Nearly 1 in 3 young physicians suffer from depression, according to a new study. That story tops this weekâ€™s PMD Critical List. Also making the list, Muslim doctors say they feel more scrutiny, and a new report suggests prescribing fewer antibiotics may be good for the public health but bad for physiciansâ€™ satisfaction ratings.
Nearly 1 in 3 young physicians suffer from depression, according to a new study. That story tops this week’s PMD Critical List. Also making the list, Muslim doctors say they feel more scrutiny, and a new report suggests prescribing fewer antibiotics may be good for the public health but bad for physicians’ satisfaction ratings.
• 29% of Young Doctors Are Depressed (Time)
An “exhaustive new review” in JAMA shows that “about 30% of young physicians have depression or symptoms of it … there’s a huge burden of suffering and misery going on. And that’s very worrisome in a caregiving profession.”
• American Muslim Physicians Feeling Trumped? (The Washington Post)
Nearly half of American Muslim doctors felt more scrutiny at work compared to their peers, according to the first study to examine religious identity and workplace discrimination in the medical field. About 25% said they faced “religious discrimination during their career.”
• Many Doctors Can't Manage “Complex Patients” (CNBC)
Up to 25% of US primary care physicians “believe their practices aren't well prepared to manage care for patients with multiple chronic conditions,” according to a new Commonwealth Fund report. Nearly 70% of those on Medicare are reported to have multiple chronic conditions.
• The More Varied Doctor Coming Our Way (Reuters)
American family physicians entering the profession today plan to provide a wider variety of medical services than their predecessors, a new JAMA study suggests. Added medical services include prenatal, obstetric, orthopedic, dermatology and cardiac care and more apt to offer home visits.
• Top 5 Value-Based Payment Success Factors for Physicians (RevCycleIntelligence)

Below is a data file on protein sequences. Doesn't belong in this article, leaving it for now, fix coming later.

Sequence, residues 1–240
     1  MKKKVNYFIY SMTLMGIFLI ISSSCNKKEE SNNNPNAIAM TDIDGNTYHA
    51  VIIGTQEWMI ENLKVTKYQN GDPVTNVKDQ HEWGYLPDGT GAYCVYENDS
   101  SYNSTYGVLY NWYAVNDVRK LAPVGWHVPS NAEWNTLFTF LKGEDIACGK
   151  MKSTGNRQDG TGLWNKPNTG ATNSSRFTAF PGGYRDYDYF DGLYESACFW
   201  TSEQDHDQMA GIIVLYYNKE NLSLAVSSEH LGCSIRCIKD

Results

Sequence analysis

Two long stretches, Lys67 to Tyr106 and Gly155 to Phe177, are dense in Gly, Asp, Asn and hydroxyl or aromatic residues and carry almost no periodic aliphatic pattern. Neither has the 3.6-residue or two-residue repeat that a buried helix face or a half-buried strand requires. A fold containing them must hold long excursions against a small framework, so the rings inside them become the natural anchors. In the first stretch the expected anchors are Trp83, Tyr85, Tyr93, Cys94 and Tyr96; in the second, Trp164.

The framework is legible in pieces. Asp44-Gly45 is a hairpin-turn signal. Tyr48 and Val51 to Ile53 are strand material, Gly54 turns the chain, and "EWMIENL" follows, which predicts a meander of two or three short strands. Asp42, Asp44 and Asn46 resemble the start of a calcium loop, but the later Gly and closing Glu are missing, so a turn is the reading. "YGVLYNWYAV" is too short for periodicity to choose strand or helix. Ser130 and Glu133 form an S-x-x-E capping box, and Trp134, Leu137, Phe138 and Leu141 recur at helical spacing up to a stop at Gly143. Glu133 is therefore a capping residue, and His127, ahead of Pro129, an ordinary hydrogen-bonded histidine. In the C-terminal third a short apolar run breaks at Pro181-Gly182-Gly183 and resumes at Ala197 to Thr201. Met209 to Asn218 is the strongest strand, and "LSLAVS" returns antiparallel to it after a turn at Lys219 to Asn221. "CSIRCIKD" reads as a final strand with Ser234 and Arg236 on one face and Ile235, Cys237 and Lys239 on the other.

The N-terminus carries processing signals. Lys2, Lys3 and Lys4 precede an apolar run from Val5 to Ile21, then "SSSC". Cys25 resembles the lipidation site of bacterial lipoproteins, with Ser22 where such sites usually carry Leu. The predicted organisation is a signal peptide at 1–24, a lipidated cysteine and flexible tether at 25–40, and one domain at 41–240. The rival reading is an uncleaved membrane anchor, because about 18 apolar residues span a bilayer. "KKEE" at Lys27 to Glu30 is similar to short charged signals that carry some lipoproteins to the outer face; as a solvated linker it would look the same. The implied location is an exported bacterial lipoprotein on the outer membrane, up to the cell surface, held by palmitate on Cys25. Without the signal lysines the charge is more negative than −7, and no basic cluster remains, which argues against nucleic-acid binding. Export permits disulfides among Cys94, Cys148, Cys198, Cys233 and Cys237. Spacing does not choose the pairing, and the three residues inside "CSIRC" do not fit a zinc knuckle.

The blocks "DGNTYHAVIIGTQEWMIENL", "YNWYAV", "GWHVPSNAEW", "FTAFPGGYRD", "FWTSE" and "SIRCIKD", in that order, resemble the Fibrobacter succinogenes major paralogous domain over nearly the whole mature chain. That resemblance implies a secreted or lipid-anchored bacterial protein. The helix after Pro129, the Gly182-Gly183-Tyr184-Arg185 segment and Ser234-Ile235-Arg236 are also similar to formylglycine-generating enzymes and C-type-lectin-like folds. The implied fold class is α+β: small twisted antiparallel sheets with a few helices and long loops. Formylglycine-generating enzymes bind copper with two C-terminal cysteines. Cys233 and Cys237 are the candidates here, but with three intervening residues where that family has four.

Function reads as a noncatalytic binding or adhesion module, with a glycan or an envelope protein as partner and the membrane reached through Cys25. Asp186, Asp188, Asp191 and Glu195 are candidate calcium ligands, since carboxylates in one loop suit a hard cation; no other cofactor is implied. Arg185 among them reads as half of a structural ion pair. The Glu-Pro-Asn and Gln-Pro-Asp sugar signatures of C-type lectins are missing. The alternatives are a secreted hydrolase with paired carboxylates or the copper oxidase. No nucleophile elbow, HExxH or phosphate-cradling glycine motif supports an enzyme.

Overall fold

Physicians say a lack of time is the leading obstacle (91%) regarding value-based care delivery, according to a new AAFP study. While 1 in 3 doctors are actively pursuing value-based payment opportunities, 70% think it won’t advance patient care and 60% think it will increase their workloads.
• CMS Posts New Quality Data on Physicians (iHealthBeat.com)
Over the protests of the AMA, Medicare has published quality performance scores for individual physicians for the first time. Only those doctors who volunteered data (60%) are included. All US doctors face a penalty in 2016 if they don’t provide the data.
• America’s Health Rankings 2015 (americashealthrankings.org)
The United Health Foundation is out with its 25th annual America's Health Ranking report. The benchmark report is the longest-running, comprehensive state-by-state study of our nation’s health. Physicians should have a peek.
• How to Cure Cancer (The New Yorker)
Bestselling author Malcolm Gladwell pens a hard-hitting profile of pioneering oncologist, Dr. Vincent T. DeVita, Jr., who just published a new book, The Death of Cancer. “We are not limited by the science; we are limited by our ability to make good use of the information and treatments we already have.”
• ER Doctors: Home Alone a Lie (SportsGrid.com)
A little holiday health humor. Medical personnel deconstructing the 1990 movie Home Alone—the highest-grossing live action comedy film of all time—say the “Wet Bandits” probably would have never even made it into Kevin’s (Macaulay Culkin) house. In two instances, injuries likely would have killed them.
• Patients Dissatisfied with Doctors Who Prescribe Fewer Antibiotics (UPI)
"These findings suggest that medical practices that try to help prevent the spread of antibiotic-resistant bacteria by prescribing fewer antibiotics are likely to experience a drop in their satisfaction ratings,” explained British researchers.